Flood Insurance 101: What Homeowners Need to Know
The fact is – any property can flood. Your home doesn’t have to be under five feet of water from hurricane flood surges to suffer flood damage. Normal amounts of rainwater can drain under your home, and flood your basement or the lowest floor level, causing flood damage. This kind of flooding can cause mold, increase the risk of termites and cause electrical problems.
More than 75% of homeowners devastated by flooding unfortunately discover they should have had flood insurance. The sad thing, experts say, is that flood insurance is not that expensive – typically $450 to $600 a year for the average home. When you weigh the cost of flood insurance against replacing your entire home $100,000 to $500,000, it only makes sense to buy it, whether you believe you’ll need it or not.
“People may say things like, ‘I live on a hill, I don’t need flood insurance’,” Diana Herrera, a FEMA flood insurance specialist said. “If I had a dollar for every time I’ve heard that, and those homes were flooded…”
Other common reasons people give for not buying flood insurance include:
- “I’m not in a flood zone.”
- “I’m not anywhere near water.”
- “I’ll never need it, it’s money wasted.”
- “My homeowner’s insurance will cover it.”
- “It’s not available.”
- “My realtor told me the property would never flood.”
Unfortunately, water tables may fill up. There may be a landslide or a dam miles away can burst or overflow due to rain. Drainage systems in your neighborhood may become blocked. Low spots in your yard, or a neighbor’s, can collect water rather than distribute it away from your home. Poor drainage is a number one reason for flooding for homes on a hill.
Your Insurance Agent’s Responsibility
By law, it’s your realtor’s responsibility to make sure you, the home buyer, are aware of any and all risks to the property you are buying – that includes telling you that you are, or are not in a flood zone, and if your property is in a high-risk area for earthquakes, tornadoes, landslides, hurricanes or other natural disasters. They’re not telling you that bad things will happen, but that they could. If your realtor doesn’t disclose this information, ask them. It is their responsibility to identify what risks you may be exposed to. If you choose not to purchase insurance after being informed of the risks, your realtor or insurance agent may ask you to sign a disclaimer to protect them and their agency in case you do suffer damages from a natural disaster.
“When you’re buying a home, any home, anywhere, you should check certain basic things before buying,” Herrera said.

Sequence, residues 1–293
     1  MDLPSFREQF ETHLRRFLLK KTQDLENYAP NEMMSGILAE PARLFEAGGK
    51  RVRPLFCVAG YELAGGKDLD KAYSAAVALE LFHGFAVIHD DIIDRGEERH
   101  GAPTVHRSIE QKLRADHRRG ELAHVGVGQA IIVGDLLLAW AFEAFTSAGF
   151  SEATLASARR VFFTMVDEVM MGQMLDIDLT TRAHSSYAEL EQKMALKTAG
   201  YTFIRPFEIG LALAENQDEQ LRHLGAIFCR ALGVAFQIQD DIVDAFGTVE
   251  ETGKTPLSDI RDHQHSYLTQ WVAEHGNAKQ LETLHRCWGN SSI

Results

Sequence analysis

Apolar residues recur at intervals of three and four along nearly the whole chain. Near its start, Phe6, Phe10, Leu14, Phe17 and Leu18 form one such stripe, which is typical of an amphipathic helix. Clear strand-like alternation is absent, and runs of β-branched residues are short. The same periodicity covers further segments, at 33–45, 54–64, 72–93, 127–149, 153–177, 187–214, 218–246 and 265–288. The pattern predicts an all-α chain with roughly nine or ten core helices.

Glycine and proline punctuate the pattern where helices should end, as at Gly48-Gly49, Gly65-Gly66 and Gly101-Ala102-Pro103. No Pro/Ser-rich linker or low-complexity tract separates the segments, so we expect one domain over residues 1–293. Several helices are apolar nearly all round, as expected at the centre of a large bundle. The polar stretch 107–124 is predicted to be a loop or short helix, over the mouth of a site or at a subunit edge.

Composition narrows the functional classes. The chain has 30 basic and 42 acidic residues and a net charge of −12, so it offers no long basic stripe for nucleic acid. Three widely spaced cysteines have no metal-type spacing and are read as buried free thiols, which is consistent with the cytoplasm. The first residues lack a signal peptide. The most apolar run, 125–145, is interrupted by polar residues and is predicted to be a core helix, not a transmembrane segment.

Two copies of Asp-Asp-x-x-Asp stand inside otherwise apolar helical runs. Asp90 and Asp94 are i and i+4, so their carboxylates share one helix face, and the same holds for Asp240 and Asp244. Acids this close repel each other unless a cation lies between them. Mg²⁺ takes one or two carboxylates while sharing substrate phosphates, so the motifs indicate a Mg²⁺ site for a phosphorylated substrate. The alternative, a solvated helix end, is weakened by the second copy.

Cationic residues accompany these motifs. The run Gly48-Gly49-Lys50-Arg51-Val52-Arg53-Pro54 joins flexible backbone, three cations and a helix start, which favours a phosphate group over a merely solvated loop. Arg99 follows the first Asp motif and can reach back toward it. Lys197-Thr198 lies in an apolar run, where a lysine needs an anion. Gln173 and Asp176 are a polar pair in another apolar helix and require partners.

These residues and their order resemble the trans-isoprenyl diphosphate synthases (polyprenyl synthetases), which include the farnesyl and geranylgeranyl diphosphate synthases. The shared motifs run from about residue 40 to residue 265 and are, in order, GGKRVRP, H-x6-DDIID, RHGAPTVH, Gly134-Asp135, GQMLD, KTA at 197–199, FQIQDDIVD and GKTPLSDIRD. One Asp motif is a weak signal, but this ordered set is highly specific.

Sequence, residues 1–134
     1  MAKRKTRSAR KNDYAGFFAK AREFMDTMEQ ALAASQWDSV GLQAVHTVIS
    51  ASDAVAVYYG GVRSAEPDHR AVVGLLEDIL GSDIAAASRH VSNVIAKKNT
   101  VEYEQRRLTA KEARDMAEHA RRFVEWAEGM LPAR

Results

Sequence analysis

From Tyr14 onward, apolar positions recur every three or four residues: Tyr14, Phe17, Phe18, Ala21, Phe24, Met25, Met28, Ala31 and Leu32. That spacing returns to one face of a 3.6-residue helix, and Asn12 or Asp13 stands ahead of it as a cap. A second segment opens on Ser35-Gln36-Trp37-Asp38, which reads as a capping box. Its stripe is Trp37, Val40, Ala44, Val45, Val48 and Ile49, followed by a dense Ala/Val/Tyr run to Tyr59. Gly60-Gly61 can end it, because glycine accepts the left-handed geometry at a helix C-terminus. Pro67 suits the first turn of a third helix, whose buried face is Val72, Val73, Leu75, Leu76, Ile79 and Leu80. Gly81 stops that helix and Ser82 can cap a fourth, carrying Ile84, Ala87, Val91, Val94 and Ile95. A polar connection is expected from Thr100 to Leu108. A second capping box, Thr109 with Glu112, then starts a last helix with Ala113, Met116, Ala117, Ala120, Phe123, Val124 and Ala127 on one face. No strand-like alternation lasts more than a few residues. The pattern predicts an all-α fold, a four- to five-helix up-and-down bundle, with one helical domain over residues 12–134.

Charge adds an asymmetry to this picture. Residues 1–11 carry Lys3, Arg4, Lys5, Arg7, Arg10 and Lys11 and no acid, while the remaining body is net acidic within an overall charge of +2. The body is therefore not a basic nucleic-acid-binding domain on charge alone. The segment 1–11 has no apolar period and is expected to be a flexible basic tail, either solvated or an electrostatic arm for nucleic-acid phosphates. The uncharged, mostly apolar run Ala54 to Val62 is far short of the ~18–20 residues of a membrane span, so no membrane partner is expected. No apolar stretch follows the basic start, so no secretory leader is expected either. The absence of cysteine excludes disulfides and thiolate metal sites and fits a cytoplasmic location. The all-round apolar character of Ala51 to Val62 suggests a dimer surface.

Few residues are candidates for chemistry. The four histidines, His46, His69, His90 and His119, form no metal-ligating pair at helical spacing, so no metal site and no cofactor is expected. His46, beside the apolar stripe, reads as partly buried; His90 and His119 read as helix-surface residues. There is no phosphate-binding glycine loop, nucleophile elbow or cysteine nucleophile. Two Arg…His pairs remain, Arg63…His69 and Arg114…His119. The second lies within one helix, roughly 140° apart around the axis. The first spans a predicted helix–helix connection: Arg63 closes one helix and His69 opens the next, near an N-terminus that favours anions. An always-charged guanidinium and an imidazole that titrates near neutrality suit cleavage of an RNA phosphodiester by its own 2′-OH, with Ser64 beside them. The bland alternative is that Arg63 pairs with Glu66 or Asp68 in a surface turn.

- “Check first with your realtor,” she said. “States have disclosure laws. If the property has ever flooded for any reason, it must be disclosed.” This not only lets the homebuyer know flooding is possible, but that it has happened before. Check to see if the property is in a low, medium or high risk and what those terms mean.
- Talk to your community’s floodplain manager. These officials are typically found in the zoning, planning, permitting or mapping offices of your city or county.
- Talk to your insurance agent. They should know what is happening in your community regarding flood insurance. They should also be able to explain the National Flood Insurance Program, what the rules and requirements are, and what documents they need (elevation certificate, etc.) to write a flood insurance policy.
- Whether you’re building a new home or buying one, get a copy of your site elevation plans. If your lowest floor is higher than the average requirement for flood insurance, you can save money on your insurance. For insurance rating purposes, a building’s flood proofed design elevation must be at least one foot above the Base Flood Elevation (BFE) to receive full rating credit for the flood proofing. If the building is flood proofed only to the BFE, the flood insurance rates will be considerably higher. “For every foot higher your floor is above the BFE, you can save as much as 50% on your insurance premium,” Herrera said.
- Get a flood proofing certificate. This certification is issued by a registered professional engineer, or architect. It certifies that “the construction of a structure is in accordance with accepted practices for meeting the flood proofing requirements in the community’s floodplain management ordinance.” This documentation is needed for both floodplain management requirements and insurance rating purposes.
If you own or are buying a home, check out the National Flood Insurance Program (NFIP). NFIP is not just an insurance program. According to the NFIP, “the program is a comprehensive flood risk management program that maps floodplains, issues hazard mitigation grants, and helps community’s implement safe local floodplain ordinances. The NFIP communicates flood risk and promotes community practices to mitigate that flood risk. Strong awareness tools combined with smart and safe floodplain management practices can help guide communities towards less risky development, and result in floodplains that have more room for rivers to safely flood.”